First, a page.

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June 27, 2017

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Japan PM Abe moans as trade tops Obama menu at sushi dinner: reports

TOKYO--U.S. President Barack Obama was all about business even at a special sushi dinner in Tokyo, which Japanese Prime Minister Shinzo Abe wanted to use as a bonding opportunity, reports said Saturday.

"It was all about work," Abe told his key ministers Friday night about his conversation with the U.S. leader during their private dinner Wednesday at an exclusive Michelin-starred restaurant, according to major Japanese press, including the Nikkei business daily.

As a master sushi chef worked before them, Obama recited detailed figures to urge Abe to make concessions over the Trans-Pacific Partnership (TPP), a vast trade agreement that would cover about 40 percent of the global economy and a key plank in Washington's bid for a renewed focus on Asia, according to local media.

"Your approval rating is 60 percent. Mine is 40 percent. I want you with strong support to make compromises," Obama told Abe, according to the Mainichi Shimbun and the Tokyo Shimbun.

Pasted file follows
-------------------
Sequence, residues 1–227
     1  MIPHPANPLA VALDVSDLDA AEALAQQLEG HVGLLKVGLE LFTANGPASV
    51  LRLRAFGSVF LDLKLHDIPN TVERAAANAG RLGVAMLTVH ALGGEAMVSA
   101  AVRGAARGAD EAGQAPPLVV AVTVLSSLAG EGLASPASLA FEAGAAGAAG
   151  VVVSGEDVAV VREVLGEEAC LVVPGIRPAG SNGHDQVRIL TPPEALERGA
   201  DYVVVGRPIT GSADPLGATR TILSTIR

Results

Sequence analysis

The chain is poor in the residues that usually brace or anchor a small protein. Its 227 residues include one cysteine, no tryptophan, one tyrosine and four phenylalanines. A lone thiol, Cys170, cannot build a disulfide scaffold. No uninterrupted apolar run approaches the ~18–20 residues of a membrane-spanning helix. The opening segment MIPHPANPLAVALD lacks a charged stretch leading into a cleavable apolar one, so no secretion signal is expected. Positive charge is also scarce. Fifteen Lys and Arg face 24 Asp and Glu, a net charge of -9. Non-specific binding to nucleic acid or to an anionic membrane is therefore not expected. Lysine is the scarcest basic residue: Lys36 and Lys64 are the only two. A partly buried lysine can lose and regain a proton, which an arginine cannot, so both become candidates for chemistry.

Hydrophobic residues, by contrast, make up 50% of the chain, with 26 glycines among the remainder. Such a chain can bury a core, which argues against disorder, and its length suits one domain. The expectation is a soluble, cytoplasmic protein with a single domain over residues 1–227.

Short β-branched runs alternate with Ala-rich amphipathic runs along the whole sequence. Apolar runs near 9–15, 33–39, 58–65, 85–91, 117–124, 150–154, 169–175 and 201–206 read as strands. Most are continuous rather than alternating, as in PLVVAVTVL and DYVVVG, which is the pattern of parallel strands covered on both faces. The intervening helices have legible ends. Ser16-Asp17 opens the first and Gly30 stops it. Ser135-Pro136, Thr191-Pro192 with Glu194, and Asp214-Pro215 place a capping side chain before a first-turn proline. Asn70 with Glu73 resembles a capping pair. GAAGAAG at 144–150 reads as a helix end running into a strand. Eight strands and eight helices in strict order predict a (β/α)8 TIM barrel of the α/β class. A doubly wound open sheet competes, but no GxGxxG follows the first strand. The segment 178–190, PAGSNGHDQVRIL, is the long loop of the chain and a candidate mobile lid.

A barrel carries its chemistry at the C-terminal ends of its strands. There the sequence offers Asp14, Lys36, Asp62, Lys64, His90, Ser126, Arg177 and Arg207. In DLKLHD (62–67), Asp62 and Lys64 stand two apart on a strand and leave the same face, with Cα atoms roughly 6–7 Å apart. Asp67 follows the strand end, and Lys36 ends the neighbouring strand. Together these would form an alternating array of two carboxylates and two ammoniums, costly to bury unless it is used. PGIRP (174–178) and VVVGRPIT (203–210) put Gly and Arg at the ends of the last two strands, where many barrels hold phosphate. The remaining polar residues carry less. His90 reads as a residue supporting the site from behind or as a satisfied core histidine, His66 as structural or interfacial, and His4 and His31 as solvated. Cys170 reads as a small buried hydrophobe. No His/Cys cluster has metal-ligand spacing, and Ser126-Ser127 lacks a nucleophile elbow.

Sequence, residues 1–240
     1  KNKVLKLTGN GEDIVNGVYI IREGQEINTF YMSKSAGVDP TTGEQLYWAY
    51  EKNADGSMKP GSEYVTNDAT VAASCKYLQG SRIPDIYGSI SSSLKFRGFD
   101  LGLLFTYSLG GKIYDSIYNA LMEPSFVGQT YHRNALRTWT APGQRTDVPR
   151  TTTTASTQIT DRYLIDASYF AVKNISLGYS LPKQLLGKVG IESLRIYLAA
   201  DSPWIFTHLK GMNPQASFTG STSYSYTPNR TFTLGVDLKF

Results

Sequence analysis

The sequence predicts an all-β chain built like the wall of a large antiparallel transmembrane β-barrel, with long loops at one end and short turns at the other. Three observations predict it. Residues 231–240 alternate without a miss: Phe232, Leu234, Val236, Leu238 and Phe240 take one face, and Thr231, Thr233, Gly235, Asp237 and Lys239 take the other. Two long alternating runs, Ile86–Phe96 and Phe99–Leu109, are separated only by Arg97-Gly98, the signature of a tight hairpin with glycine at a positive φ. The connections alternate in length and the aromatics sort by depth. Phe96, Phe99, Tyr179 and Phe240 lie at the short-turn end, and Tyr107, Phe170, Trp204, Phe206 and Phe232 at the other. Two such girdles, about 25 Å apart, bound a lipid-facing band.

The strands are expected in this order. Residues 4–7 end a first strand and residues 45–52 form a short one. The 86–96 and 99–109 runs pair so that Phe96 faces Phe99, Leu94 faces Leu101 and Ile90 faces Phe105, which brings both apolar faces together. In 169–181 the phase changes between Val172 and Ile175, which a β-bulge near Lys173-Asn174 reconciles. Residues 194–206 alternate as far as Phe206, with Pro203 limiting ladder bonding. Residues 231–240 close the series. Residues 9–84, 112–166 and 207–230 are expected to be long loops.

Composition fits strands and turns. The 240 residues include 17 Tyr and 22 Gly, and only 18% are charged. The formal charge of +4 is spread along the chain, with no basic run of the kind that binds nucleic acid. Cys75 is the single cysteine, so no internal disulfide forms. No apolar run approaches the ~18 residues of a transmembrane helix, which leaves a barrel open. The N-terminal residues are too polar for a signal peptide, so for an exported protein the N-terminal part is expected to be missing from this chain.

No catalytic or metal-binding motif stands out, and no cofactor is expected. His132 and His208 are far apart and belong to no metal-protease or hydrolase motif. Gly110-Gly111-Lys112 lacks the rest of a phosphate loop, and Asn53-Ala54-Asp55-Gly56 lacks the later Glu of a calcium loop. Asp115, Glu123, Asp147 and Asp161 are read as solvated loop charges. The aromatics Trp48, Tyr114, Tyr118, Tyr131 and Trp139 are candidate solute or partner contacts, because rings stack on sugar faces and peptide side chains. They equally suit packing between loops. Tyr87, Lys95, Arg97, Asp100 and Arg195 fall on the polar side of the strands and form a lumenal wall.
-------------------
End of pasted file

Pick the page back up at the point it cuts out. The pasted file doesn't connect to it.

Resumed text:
The revelation came as a report Thursday said, instead of making small talk and savoring Japanese delicacies at Sukiyabashi Jiro — dubbed the world's best sushi restaurant and the subject of the 2011 documentary "Jiro Dreams of Sushi" — Obama jumped straight into discussions about trade.

But the outcome of meetings between the two leaders has largely remained opaque, with Abe and Obama saying they had instructed their negotiators to keep trying to reach an accord.

U.S. officials have later declared a "breakthrough" had been made in the talks.

Japan's minister in charge of TPP Akira Amari told a television interview Saturday: "We have made 70 to 80 percent of the way."

The Yomiuri Shimbun said they have effectively reached a broad agreement, but they are keeping it secret before a local election on Sunday in a Japanese farming region.

Japan's deputy prime minister Taro Aso said Friday that Obama doesn't have political strength to consolidate U.S. domestic support for the trade deal before crucial U.S. mid-term elections.

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